July 19, 2021
From Internationalism
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During our last two meetings in France, on 27 March and 12 June, one of the central themes was the revolutionary nature of the proletariat. In addition to the article which gave an account of these debates[1], we endeavoured to consider a more specific line of questions raised by the participants as well as in written contributions[2]

The article below takes up and extends a whole on-going reflection by integrating a good number of elements brought up by the discussion on the phenomenon of “uberisation”. In addition to the insights provided, based in part on the contributions from the debates, the article below endeavours to place the issues in a historical framework by drawing on the foundations of marxism and the experience of the workers’ movement. From our point of view, this effort should help to provide a political framework for further reflection and clarification. As such, the article is in our view more a contribution than a definitive answer to the questions raised.

In the 2000s, a new form of business emerged in the United States, driven in particular by the car and driver booking platform Uber. Other companies were quickly born or transformed on the basis of this model, a phenomenon that would soon be called “uberisation”. Some see in this the capacity of capitalism to evolve in order to adapt to new technologies and make the most of them, while others are alarmed at the destruction that the model is wreaking on the contractual employment relationship, in other words, on wage employment.

For the ICC, there is no doubt that this model is an attempt to generate new and profitable activities by making good use of the means provided by the Internet and using it to achieve flexibility of work and the lowest possible costs. Today, we see these “new” workers every day, bicycle delivery drivers, cab drivers, etc.

However, these workers are not, strictly speaking, employees. They own at least part of their tool of the job (their bike, their car, etc.); they are not bound to their platform by an employment contract but sell it as a service. They generally have the official status of “independent entrepreneur”. This raises fundamental questions: are these workers, whatever their economic condition, part of the working class? Can their struggles contribute to the effort of the working class to resist exploitation?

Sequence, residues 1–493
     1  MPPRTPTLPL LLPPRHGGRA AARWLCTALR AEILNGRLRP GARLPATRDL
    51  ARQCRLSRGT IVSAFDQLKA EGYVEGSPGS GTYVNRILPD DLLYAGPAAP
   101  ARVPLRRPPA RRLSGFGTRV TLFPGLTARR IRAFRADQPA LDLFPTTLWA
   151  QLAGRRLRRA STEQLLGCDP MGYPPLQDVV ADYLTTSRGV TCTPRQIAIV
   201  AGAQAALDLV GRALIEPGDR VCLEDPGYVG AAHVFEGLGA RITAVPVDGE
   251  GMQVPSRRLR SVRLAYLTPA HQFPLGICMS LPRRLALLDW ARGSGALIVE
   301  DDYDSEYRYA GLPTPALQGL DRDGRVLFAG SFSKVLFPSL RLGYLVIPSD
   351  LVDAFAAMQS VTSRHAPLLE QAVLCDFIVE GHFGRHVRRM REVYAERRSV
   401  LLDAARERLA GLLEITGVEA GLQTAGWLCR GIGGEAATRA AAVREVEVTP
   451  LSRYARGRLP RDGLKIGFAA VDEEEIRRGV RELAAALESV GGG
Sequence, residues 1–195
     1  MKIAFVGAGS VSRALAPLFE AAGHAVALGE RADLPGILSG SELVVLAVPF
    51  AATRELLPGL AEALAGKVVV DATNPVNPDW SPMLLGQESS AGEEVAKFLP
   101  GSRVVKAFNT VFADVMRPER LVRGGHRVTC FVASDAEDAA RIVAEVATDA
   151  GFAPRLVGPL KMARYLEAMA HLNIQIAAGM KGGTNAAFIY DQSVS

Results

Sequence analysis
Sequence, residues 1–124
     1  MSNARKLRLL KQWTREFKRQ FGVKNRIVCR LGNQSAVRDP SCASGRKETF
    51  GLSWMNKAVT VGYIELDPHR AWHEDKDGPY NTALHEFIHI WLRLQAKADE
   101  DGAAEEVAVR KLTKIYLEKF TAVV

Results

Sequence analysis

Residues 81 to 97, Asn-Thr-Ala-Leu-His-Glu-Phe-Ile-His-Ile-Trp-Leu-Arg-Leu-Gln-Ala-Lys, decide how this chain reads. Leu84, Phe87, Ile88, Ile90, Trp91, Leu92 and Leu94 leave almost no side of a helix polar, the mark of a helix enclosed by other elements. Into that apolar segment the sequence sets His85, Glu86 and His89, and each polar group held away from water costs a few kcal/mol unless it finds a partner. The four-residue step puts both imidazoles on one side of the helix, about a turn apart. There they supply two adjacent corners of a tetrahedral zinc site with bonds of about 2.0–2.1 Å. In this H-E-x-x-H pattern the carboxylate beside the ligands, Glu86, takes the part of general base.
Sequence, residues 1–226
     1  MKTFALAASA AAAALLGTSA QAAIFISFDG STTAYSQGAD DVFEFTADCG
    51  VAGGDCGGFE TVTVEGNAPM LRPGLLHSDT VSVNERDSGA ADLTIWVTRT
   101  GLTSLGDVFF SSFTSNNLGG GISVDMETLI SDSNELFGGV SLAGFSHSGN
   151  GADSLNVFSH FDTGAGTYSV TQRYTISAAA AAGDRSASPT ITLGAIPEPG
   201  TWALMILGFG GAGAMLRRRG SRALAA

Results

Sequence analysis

Uberised workers are part of the working class

At first glance, the proletarian character of these workers is fluid. On the one hand, young bicycle delivery drivers often only have this activity to survive. On the other hand, some cab drivers proudly display their big cars and openly dream of being “their own boss”. The fact is that we are not faced with a “homogeneous” sector, as might be the case for railway workers, teachers, textile workers, etc. Beyond this real heterogeneity, we know that “it is not the consciousness of men that determines their being; it is their social being that determines their consciousness”[3]. The fact that a cab driver dreams of being a boss does not make him bourgeois or petty-bourgeois. He may be bourgeois or petty-bourgeois by virtue of his material conditions.

So are the self-employed workers on platforms materially bosses? To answer this question, we could base ourselves on the legal relationships that bind them to their platform. As we have explained, these workers are not employees, they sell a service as any craftsman does to his customers. The only difference here is that this sale is part of a triangular relationship between a service provider, a seller and a buyer, a relationship that can also be found in the transport sector (travel agencies), brokerage, etc. The worker therefore has no legal obligation to pay for the service.

The worker is therefore not legally dependent on the platform. He is legally free. However, legal relationships are not sufficient to analyse this type of relationship. In his examination of the birth and development of capitalism, Marx stresses the need to take into account the relations of production in the relationship between capital and labour. Within this framework, he identifies two historical phases: the formal domination of capital, and its real domination[4].